An Illinois appeals court recently found a political candidate in Madison County could not be held liable for defamation for statements in a press release finding that the allegedly defamatory statements were privileged and thus immune from liability. Former Madison County IT director, Rob Dorman and former administrator Doug Hulme filed the lawsuit claiming that the press release statements were false and defamatory and ultimately cost them their jobs.
In April 2020, Robert Daiber, the Democrat candidate for county board chairman was identified as one of several local Democratic politicians calling for the dismissal of top officials in Madison county board chairman Kurt Prenzler’s administration. In the press release Daiber was quoted as saying “[a] criminal investigation by six law enforcement agencies has made it clear how extensive corruption and abuses of power are in the Prenzler administration. Madison County must act now to restore public trust by immediately dismissing the Prenzler aides who have committed these truly shocking actions.”
The press release also cited affidavits released from the investigation as providing “conclusive evidence that top aides . . . attempted a pay-for-play scheme by offering a county job to a congressional staff person in exchange for the appointment to a U.S. Attorney position of their political accomplice” and “a scheme to hack into and spy on e-mails of the Madison County judiciary and the offices of elected county officials (neither of which are under the jurisdiction of the County Chairman or County Board) for political purposes.”
Days after the publication of the press release Dorman and Hulme were fired from their positions with the county. Dorman filed suit against Daiber several months later and Hulme joined as a plaintiff shortly thereafter. In their complaint, the plaintiffs allege that the statements in the press release were false and defamatory and that they had been exonerated from any wrongdoing at the conclusion of the investigation and a subsequent probe by the Attorney General. Despite being exonerated, the plaintiffs alleged that the statements in the press release had caused them to lose their jobs.
Daiber responded to the accusations of libel by seeking to have the suit dismissed with prejudice and an award of sanctions against the plaintiffs. In his motion to dismiss, Daiber argued that the alleged defamatory statements contained in the press release were subject to multiple privileges which immunized him from defamation liability. The trial court agreed with Daiber and dismissed the suit with prejudice. Dorman and Hulme appealed the dismissal of their suit.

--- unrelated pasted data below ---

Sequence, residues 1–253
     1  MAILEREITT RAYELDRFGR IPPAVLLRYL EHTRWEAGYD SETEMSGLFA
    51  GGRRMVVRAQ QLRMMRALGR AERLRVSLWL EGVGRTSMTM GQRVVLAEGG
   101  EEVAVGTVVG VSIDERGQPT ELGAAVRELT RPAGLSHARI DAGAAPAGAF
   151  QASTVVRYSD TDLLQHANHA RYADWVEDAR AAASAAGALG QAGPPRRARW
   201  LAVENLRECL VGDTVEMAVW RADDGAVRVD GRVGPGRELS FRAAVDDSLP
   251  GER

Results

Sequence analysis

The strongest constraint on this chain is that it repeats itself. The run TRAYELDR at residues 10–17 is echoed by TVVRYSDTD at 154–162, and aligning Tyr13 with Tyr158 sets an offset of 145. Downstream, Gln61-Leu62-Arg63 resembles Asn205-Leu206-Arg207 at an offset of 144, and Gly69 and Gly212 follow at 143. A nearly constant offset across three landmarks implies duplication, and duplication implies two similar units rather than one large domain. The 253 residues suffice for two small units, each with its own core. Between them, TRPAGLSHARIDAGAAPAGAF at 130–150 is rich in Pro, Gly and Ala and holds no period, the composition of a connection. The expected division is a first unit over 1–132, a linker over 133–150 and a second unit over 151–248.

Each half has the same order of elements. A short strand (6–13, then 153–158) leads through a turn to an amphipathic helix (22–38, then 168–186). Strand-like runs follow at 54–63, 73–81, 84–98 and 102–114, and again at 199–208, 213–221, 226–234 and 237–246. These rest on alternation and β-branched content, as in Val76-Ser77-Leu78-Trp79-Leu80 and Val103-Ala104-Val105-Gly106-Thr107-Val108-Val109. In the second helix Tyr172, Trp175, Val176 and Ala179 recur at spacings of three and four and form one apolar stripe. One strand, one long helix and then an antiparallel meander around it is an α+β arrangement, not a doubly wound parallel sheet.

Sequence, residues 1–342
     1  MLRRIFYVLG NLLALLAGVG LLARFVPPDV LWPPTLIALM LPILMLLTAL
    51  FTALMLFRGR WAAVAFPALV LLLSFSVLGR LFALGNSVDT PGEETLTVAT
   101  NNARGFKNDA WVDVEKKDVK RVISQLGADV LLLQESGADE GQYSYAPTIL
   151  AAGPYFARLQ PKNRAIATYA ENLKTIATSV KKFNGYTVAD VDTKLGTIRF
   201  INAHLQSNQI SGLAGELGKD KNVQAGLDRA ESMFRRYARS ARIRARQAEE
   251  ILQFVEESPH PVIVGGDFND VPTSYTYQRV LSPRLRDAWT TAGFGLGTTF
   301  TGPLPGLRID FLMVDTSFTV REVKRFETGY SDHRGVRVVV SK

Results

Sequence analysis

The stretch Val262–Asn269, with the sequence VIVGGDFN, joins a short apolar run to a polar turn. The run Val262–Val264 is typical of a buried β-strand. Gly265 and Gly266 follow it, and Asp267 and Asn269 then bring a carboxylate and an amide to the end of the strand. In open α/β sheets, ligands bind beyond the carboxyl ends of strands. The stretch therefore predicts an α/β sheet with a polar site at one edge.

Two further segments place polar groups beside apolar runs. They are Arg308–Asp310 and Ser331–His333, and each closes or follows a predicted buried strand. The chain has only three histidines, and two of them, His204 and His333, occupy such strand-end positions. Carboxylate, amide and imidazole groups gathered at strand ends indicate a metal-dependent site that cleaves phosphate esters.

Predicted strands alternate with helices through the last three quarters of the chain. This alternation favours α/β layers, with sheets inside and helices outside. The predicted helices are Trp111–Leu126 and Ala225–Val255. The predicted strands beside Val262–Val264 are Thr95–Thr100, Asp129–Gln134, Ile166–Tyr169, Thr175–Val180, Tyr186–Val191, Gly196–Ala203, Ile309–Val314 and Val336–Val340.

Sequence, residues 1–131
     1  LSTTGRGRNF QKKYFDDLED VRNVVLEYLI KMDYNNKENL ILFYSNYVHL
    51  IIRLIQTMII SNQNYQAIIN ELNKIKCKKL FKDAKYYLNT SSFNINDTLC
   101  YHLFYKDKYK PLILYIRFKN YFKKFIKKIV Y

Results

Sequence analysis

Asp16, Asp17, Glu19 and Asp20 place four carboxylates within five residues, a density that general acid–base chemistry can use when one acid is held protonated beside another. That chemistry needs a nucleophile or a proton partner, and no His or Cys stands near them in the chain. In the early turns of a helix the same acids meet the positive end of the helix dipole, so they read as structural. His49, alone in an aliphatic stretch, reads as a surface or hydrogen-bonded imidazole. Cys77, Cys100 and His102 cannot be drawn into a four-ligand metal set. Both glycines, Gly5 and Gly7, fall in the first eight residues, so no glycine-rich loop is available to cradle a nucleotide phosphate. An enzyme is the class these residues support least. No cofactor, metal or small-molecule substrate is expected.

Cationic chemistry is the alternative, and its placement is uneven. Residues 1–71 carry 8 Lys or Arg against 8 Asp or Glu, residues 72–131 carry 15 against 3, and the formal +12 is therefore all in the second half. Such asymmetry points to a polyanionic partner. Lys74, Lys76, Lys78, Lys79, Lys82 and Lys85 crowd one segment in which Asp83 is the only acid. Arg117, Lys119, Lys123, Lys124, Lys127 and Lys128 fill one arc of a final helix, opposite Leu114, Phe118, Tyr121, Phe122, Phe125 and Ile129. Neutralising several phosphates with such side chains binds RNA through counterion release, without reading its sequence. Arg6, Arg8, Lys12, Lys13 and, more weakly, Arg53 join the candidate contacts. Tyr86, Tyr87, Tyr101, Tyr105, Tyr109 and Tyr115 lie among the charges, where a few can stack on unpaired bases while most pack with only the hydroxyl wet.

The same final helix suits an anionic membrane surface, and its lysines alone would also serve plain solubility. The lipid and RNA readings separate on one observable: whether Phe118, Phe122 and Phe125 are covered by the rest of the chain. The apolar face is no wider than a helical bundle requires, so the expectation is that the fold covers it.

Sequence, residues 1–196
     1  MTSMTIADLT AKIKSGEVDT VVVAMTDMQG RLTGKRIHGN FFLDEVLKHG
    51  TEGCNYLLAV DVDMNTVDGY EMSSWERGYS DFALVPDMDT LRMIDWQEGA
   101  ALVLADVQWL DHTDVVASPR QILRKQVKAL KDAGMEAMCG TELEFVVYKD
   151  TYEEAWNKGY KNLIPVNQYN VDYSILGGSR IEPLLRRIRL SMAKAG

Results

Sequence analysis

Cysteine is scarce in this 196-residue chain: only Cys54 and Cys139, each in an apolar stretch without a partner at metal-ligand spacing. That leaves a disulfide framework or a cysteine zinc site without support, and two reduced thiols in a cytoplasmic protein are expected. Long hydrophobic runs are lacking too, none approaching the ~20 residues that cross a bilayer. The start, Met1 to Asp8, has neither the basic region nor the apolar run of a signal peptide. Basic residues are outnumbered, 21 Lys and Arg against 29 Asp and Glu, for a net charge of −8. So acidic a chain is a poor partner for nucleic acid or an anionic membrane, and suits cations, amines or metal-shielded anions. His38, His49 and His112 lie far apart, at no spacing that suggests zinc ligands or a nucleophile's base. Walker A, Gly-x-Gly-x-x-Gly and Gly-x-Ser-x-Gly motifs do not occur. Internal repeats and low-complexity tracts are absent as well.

On appeal the Court identified three privilege that Diaber had asserted as protecting him from liability and analyzed their applicability to the alleged defamatory statements in the press release. First, the Court noted that Daiber had asserted that the allegedly defamatory statements were immune from liability because he was merely reporting on the acts of government, which the Illinois Supreme Court had ruled were privileged in Lulay v. Peoria Journal-Star, Inc. Next, the Court noted that Daiber had asserted he was entitled to immunity because he was reporting what was contained in official records, which had been identified as a category of privilege in Berkos v. National Broadcasting Company. The final privilege identified by the Court has having been asserted by Daiber was the privilege for statements made to a grand jury and to law enforcement, which Daiber argued applied because the press release was an amalgam of quotes distilled from statements made to law enforcement by other individuals.
After considering the applicability of the various privileges, the Court found that the trial court correctly found that Daiber’s statements contained in the press release were protected by privilege and he is entitled to immunity from suit. Accordingly, the Court held that the order dismissing the complaint with prejudice was properly granted by the trial court.
The Court’s full opinion is available here.
Lubin Austermuehle’s Chicago and Elmhurst libel and slander lawyers have more than thirty-five years of experience helping business clients unravel the complexities of Illinois and out-of-state defamation and First Amendment laws. Our Chicago slander, libel, and First Amendment litigation lawyers represent individuals, family businesses and enterprises of all sizes in a variety of legal disputes, including disputes among partners and shareholders as well as lawsuits between businesses and consumer rights, auto fraud, and wage claim individual and class action cases. In every case, our goal is to resolve disputes as quickly and successfully as possible, helping business clients protect their investments and get back to business as usual. From offices in Oakbrook Terrace and Wilmette near Evanston and Highland Park, we serve clients throughout Illinois and the Midwest region. You can contact us online here or call us on our locally at 630-333-0333.